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Are Professional Sports Waning?

Discussion in 'Bad Dog Cafe' started by unixfish, Sep 17, 2020.

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  1. imwjl

    imwjl Poster Extraordinaire

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    I'll offer this observation from 15-20 years.

    To start the US and likely other areas are divided between what I call good and broken. Good and broken America shows up in lots of ways. Start with our health and skills. Haven't we crossed over into most people overweight or obese now? We have a division where your world is okay or not just because there's no salvation if you don't have skills where the whole world will pay a living wage. From that you have a big differences in what people will participate in, and what they can afford.

    15-20 years ago the kids in my neighborhood and of many associates were more in traditional school team sports while the generations old ski club I'm in was struggling to survive. That's ski jumping, alpine, biathlon, Nordic and mountain biking for recreation and teams. Now we're years into having waiting lists for programs while the school district athletic department has declines.

    With the above, I think if people are still active, some of what interests them has changed.

    When I look at the kids who graduated that 15-20 years ago whether close associates or in my neighborhood a whole lot of them who did traditional sports are just our latest batch of overweight citizens.

    Some who used to sit and watch TV watch other stuff on screens. Some who used to go to games and events don't leave home or the bar whether that's choice or what they can afford.

    Some younger people follow new heroes or celebrities in sports. Gymnasts, it could be my region but runners, skiers, skateboarders, surfers and bike riders are celebrities now.

    A lot of professional and college sports are also sort of a warped version of welfare and cronyism. Not just the athletes but the whole of the systems. I believe some also tire of that or don't care to support it. I'm in an area with local Big 10 university and pro baseball, basketball and football close. I know people who used to go watch that who now go watch our ski jumping tournaments. Times change?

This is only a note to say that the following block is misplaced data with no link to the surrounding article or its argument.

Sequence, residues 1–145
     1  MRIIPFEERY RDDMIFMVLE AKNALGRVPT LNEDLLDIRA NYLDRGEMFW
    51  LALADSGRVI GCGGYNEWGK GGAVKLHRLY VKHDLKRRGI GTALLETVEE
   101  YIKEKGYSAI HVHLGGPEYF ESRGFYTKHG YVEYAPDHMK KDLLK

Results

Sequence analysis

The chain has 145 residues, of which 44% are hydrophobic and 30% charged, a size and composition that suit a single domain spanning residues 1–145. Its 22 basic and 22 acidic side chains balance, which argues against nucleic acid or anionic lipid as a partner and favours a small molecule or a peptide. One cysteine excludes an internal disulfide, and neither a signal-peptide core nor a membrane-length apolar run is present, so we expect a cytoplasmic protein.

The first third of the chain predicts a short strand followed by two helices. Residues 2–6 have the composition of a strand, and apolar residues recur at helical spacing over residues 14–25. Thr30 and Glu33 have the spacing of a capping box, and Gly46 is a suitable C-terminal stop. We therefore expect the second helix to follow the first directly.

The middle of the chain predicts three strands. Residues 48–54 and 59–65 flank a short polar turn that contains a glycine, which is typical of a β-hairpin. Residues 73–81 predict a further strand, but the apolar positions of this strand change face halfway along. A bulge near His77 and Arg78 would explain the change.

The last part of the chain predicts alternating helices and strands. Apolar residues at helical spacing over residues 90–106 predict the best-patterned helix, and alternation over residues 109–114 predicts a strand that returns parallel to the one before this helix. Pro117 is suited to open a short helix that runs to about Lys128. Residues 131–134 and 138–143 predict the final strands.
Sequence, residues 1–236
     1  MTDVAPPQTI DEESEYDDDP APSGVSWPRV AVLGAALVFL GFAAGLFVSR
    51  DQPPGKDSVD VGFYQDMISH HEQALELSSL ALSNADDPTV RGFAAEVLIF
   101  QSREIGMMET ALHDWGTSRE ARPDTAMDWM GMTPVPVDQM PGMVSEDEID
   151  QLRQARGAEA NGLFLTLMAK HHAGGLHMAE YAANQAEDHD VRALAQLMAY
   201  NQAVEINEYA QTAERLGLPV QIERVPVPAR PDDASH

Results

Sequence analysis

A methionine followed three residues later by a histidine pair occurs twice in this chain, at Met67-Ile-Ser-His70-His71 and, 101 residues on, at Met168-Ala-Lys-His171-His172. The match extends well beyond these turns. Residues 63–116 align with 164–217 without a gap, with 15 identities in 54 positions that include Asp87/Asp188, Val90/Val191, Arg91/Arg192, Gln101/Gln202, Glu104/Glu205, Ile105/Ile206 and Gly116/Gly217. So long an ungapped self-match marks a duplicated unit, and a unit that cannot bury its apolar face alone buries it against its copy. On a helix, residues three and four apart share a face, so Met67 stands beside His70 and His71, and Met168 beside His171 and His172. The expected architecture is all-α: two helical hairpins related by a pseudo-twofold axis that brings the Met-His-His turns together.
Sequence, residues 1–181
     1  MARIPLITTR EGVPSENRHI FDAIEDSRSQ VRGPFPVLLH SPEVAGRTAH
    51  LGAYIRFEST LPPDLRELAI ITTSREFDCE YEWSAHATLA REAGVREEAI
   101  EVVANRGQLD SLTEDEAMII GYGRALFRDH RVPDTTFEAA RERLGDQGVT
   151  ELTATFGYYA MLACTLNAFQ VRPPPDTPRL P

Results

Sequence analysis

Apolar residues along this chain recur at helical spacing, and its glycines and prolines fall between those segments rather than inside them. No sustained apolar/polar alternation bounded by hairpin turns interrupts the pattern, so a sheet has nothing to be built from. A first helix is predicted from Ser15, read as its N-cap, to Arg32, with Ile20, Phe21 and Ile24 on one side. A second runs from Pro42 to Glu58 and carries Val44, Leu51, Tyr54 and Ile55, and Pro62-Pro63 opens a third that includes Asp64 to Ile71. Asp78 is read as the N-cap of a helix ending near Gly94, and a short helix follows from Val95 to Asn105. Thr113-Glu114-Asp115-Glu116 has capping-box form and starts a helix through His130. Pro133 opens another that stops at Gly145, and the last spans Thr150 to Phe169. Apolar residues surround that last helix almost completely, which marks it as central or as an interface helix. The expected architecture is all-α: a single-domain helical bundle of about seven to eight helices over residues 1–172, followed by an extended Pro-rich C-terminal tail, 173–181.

2. imwjl

    imwjl Poster Extraordinaire

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    That's not just some obvious topics that could get controversial. My city is home to quite a few retired sports stars. A pub where generations of them mostly used chairs and tables as navigational aids by 1 PM to 5 PM a lot of days closed. Some younger of their peers are far more using their wealth and fame to do good. This started before some hot topics from the past few years.
     
  3. rand z

    rand z Friend of Leo's

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    Yes, they outpriced themselves.

    Big baseball fan but havent been to a major league game in almost 20 years.

    Way too $$$.
     
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  4. teletail

    teletail Tele-Afflicted

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    I can’t remember the last time I watched more than 10 minutes of a football game. I’ve never been into the other sports. Athletes today play for money. They don’t care about the game; it’s been that way for a while.

    I remember watching Deon Sanders scamper away from a catchable, returnable punt one time because he would have gotten hammered after about 10 yards. I lost what little respect I had for that prancing ponce.
     
  5. jvin248

    jvin248 Poster Extraordinaire

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    .

    Viewers have exchanged sports for alternative "Reality" programming.
    The networks love these shows because they are super cheap to produce and still provide magnificent advertising cash flow.
    When players misbehave, or spout political opinions, they get voted off.

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  6. getbent

    getbent Telefied Silver Supporter

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    sayeth the guy who took the 'real browns' away to balmer and left them with... the new coke browns.
     
  7. Askwhy

    Askwhy Tele-Meister

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    I am more than a casual fan and have been for a long time. The one thing they could have done to make me turn away is make politics a large and unavoidable part of the experience.
     
  8. DNestler

    DNestler Tele-Meister

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    You can't write about sport in nineteenth century America and not mention horse racing. ;)
     
  9. Anacharsis

    Anacharsis Tele-Holic Ad Free Member

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    I lost interest, but the only "issue" that bothered me was the NFL's continued denial and "we're looking into it" hand waving around brain injury. Even without that, which causes me to want to NFL to burn to the ground, I would have moved on.